The many different roles of diocesan priests

May 16, 2022

 

“No two days are alike,” say many priests when speaking of their day-to-day work. Ask an older priest to reflect on the history of his priestly ministry, and the likelihood is that you’re in for an interesting story.

Because priesthood is a vocation, not a job, the work of a priest can vary greatly. While all priests are dedicated to preaching the Gospel and celebrating the sacraments, their daily duties can range from having a “desk job” to being embedded in an army platoon!

You may remember a previous article discussing the difference between diocesan priests and religious priests. Let’s take a look just at the variety of assignments among diocesan priests.

Most of the 26,000 diocesan priests in the U.S. serve within parishes. About 14,000 serve as pastors, meaning that the bishop has given them the care of souls for a certain geographical area, and they have the authority to make decisions for how the parish will be run. Larger parishes sometimes have parochial vicars, often younger priests who serve under the pastor and help care for the people.

Many Catholics don’t realize the various possibilities of priestly ministry. That is, while all priests celebrate Mass, hear confessions, etc. (all of which keeps them very busy), at times their ministry may be based on their abilities and interests. For example, a priest may teach in the parish school, act as the chaplain for the local police force, serve on the board of a non-profit agency, work with troubled youth, lead pilgrimages—and the list goes on. And he may do all of these things at different times of life. The life of a parish priest can be extremely rich and rewarding!

But diocesan priests aren’t always parish priests. The bishop of a diocese also needs priests to work in specialized assignments in the chancery (diocesan headquarters) or at other Catholic institutions. When a position needs to be filled, he looks at the talents of his priests to make a good appointment. Because diocesan priests promise to obey their bishop, he is perfectly free to assign the priest wherever he chooses, without consulting him. However, in practice, many bishops will “float” the idea to the priest to get his feedback before making a final decision.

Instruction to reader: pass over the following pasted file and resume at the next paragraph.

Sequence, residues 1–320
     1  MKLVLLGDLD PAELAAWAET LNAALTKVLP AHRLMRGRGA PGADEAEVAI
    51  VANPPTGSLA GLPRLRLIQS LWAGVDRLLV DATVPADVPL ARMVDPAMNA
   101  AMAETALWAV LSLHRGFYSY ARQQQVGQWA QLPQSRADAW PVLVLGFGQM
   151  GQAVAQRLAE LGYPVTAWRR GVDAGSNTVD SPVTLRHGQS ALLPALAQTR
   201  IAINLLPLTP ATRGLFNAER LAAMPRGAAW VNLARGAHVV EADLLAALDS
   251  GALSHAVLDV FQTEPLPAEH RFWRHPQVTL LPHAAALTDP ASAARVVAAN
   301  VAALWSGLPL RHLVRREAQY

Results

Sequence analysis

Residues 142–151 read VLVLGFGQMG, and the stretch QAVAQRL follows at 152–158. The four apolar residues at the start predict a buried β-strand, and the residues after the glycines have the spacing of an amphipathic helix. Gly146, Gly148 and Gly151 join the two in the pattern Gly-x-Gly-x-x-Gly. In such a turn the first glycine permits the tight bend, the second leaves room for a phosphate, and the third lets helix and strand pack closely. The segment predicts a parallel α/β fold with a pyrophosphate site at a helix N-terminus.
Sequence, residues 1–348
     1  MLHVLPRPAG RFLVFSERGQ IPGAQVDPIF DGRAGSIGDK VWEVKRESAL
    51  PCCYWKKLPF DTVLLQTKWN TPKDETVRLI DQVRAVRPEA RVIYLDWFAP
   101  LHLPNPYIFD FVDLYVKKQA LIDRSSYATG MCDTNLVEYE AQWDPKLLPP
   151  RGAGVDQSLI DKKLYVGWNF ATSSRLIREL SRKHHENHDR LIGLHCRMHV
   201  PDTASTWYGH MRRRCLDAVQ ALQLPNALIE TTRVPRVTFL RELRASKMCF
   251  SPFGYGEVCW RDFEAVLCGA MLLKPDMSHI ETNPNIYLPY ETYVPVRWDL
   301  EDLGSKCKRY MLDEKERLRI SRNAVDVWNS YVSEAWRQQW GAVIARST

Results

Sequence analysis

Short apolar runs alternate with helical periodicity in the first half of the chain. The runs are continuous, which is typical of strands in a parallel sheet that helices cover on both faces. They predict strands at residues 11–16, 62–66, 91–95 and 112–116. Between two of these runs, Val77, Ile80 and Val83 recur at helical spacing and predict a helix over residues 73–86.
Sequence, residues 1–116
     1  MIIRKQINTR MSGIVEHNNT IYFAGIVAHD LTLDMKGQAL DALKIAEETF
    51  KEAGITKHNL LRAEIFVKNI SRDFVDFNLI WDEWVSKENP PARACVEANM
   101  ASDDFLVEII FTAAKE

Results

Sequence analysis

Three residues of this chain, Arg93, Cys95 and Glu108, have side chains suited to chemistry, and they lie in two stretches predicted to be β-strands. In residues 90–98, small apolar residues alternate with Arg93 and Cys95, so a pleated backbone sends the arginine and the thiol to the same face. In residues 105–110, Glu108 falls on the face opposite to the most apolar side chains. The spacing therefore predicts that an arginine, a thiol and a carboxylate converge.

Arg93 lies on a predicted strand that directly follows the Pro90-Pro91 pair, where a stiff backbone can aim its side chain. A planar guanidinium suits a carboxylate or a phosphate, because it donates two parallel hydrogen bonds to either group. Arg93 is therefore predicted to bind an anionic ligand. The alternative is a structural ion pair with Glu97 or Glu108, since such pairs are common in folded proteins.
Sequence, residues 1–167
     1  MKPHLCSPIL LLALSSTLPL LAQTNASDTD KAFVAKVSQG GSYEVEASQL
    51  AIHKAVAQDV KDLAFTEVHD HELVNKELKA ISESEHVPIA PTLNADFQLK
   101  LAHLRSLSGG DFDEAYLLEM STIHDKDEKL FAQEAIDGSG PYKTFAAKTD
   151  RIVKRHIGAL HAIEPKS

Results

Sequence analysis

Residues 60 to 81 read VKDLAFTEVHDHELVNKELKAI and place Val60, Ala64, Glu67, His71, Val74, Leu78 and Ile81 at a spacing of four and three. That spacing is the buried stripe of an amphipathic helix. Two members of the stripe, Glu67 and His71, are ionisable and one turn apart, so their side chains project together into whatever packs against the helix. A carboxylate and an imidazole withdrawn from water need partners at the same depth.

Here are some special assignments for diocesan priests:

  • Vicar General: Principal deputy of the bishop who works in the chancery.
  • Episcopal Vicar: The bishop’s appointee to head a specific geographical or pastoral area of the diocese.
  • Judicial Vicar: A specially trained expert who handles matters of canon law for the diocese, especially the diocesan marriage tribunal.
  • Chancellor: The principal record-keeper of the diocese (sometimes appointed to other tasks as well)
  • Vicar for Clergy: A priest who serves as a liaison between the bishop and the priests of the diocese.
  • Vocation Director: In charge of promoting vocations and assisting others in discovering God’s vocation plan for their lives, including overseeing the formation of seminarians.

Other assignments include:

  • Prison chaplain
  • Hospital chaplain
  • High school chaplain
  • College administrator
  • Seminary professor
  • Military chaplain
  • Foreign missionary
  • And many more…

While in seminary, men are preparing for the basic realities of parish life, not specialized ministry. They expect to become parish priests. But the Lord works in mysterious ways! That is why seminary formation must focus on forming good, holy men of strong character, docile to their bishop, and open to the Holy Spirit to lead where He may.

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